With its roots in the messaging-oriented middleware era, the publish-and-subscribe MEP introduces a composite messaging model, comprised of primitive MEPs that implement a push delivery pattern. It establishes a unique relationship between service providers and service requestors where information is exchanged (often blindly) to achieve a form of dynamic notification (Figure 7.37).
Figure 7.37. Once subscribed, service A is notified of anything service B publishes that is of interest to service A.
While notification itself can be applied to different types of MEPs, the focus of this section is a discussion of notification within the context of the publish-and-subscribe pattern.
7.7.1. Publish-and-subscribe in abstract
As explained in Chapter 6, this messaging pattern can be classified as a complex MEP assembled from a series of primitive MEPs. It involves a publisher service that makes information categorized by different topics available to registered subscriber services. Subscribers can choose which topics they want to register for, either by interacting with the publisher directly or by communicating with a separate broker service. A topic is an item of interest and often is tied to the occurrence of an event.
When a new piece of information on a given topic becomes available, a publisher broadcasts this information to all those services that have subscribed to that topic. Alternatively, a broker service can be used to perform the broadcast on the publisher's behalf. This decouples the publisher from the subscriber, allowing each to act independently and without knowledge of each other.
In Plain English
Both our car wash company and our partner's are members of the World-Wide Car Washing Consortium (W3CC), an international organization dedicated to the advancement of the field of car washing. This organization issues weekly bulletins on a number of different topics. Members can sign up for the bulletins that are of most interest to them.
Our partner wants to stay informed with most of what occurs in the car washing industry, so they are registered to receive almost all of the bulletins. We are more interested in advancements relating to soap technology and sponging techniques. Our company, therefore, only subscribes to bulletins that discuss these topics.
Whenever industry developments (events) occur that we have expressed an interest in and for as long as our subscriptions are valid, bulletins (notifications) are sent to us (the subscribers).
7.7.2. One concept, two specifications
Two major implementations of the publish-and-subscribe pattern exist:
Spearheaded by IBM and Microsoft respectively, these use different approaches and terminology to cover much of the same ground. It is expected that a single publish-and-subscribe specification eventually will emerge as an industry standard. The remainder of this section is dedicated to exploring features of both specifications.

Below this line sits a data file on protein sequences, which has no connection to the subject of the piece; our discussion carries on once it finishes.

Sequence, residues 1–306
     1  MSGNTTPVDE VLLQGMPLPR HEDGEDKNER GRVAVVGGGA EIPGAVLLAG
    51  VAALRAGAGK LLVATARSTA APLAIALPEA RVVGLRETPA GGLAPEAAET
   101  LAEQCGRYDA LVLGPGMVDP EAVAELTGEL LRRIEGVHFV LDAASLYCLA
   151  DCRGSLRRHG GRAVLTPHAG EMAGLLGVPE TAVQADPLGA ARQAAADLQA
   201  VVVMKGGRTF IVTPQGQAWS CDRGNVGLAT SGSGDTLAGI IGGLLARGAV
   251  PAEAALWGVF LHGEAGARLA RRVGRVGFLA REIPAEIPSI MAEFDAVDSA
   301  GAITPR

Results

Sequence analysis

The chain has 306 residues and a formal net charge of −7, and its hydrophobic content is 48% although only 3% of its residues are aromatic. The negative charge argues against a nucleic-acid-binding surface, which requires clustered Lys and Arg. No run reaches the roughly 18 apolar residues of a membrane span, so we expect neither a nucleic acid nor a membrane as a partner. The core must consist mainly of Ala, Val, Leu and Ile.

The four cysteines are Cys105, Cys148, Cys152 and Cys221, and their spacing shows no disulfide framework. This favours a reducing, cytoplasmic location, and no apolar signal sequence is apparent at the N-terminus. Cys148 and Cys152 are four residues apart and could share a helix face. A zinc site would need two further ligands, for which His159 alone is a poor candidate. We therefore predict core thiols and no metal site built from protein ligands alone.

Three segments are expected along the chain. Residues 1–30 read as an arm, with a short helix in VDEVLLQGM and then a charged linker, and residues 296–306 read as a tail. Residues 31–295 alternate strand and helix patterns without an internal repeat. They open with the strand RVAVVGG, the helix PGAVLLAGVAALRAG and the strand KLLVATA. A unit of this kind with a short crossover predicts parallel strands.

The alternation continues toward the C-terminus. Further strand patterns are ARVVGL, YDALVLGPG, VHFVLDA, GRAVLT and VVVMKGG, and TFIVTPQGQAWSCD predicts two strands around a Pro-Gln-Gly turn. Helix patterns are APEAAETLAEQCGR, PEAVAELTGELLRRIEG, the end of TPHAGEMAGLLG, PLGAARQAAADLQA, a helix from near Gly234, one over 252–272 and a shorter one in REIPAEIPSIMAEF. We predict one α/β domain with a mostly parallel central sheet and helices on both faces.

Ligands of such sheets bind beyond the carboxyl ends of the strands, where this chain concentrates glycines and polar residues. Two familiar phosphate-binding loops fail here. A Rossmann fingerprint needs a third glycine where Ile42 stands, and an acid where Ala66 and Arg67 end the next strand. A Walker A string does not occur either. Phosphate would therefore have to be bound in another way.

7.7.3. The WS-Notification Framework
As with other WS-* frameworks, what is represented by WS-Notification is a family of related extensions that have been designed with composability in mind.
To improve clarity, we take the liberty of breaking up some of the large concatenated terms provided in the WS-Notification specifications. For example, the term "NotificationMessage" in the WS-BaseNotification specification is expressed as "notification message" in this section.
Situations, notification messages, and topics
The notification process typically is tied to an event that is reported on by the publisher. This event is referred to as a situation. Situations can result in the generation of one or more notification messages. These messages contain information about (or relating to) the situation, and are categorized according to an available set of topics. Through this categorization, notification messages can be delivered to services that have subscribed to corresponding topics.
Notification producers and publishers
So far we've been using the familiar "publisher" and "subscriber" terms to describe the roles services assume when they participate in the publish-and-subscribe pattern. Within WS-Notification, however, these terms have more distinct definitions.
The term publisher represents the part of the solution that responds to situations and is responsible for generating notification messages. However, a publisher is not necessarily required to distribute these messages. Distribution of notification messages is the task of the notification producer. This service keeps track of subscriptions and corresponds directly with subscribers. It ensures that notification messages are organized by topic and delivered accordingly.
Notification consumers and subscribers
A subscriber is the part of the application that submits the subscribe request message to the notification producer. This means that the subscriber is not necessarily the recipient of the notification messages transmitted by the notification producer. The recipient is the notification consumer, the service to which the notification messages are delivered (Figure 7.38).
Figure 7.38. A basic notification architecture.
Notification broker, publisher registration manager, and subscription manager
To alleviate the need for direct contact between the two groups of services we described in the previous two sections, a set of supplementary services is available (Figure 7.39).
Figure 7.39. A notification architecture including a middle tier.
7.7.4. The WS-Eventing specification
As its name implies, WS-Eventing addresses publish-and-subscribe requirements by focusing on an event-oriented messaging model. When an event related to one Web service occurs, any other services that have expressed interest in the event are subsequently notified. Following are brief explanations of the terms and concepts expressed by the WS-Eventing specification.
The term "publisher" is never actually mentioned in the WS-Eventing specification. Instead, its role is assumed by a broader-scoped Web service, known as the event source. This part of the eventing architecture is responsible for both receiving subscription requests and for issuing corresponding notification messages that report information about occurred events.
Event sinks and subscribers
On the subscription end of the eventing model, separate Web services manage the processing of notification and subscription messages. An event sink is a service designed to consume (receive) notification messages from the event source. Subscribers are services capable of issuing various types of subscription requests.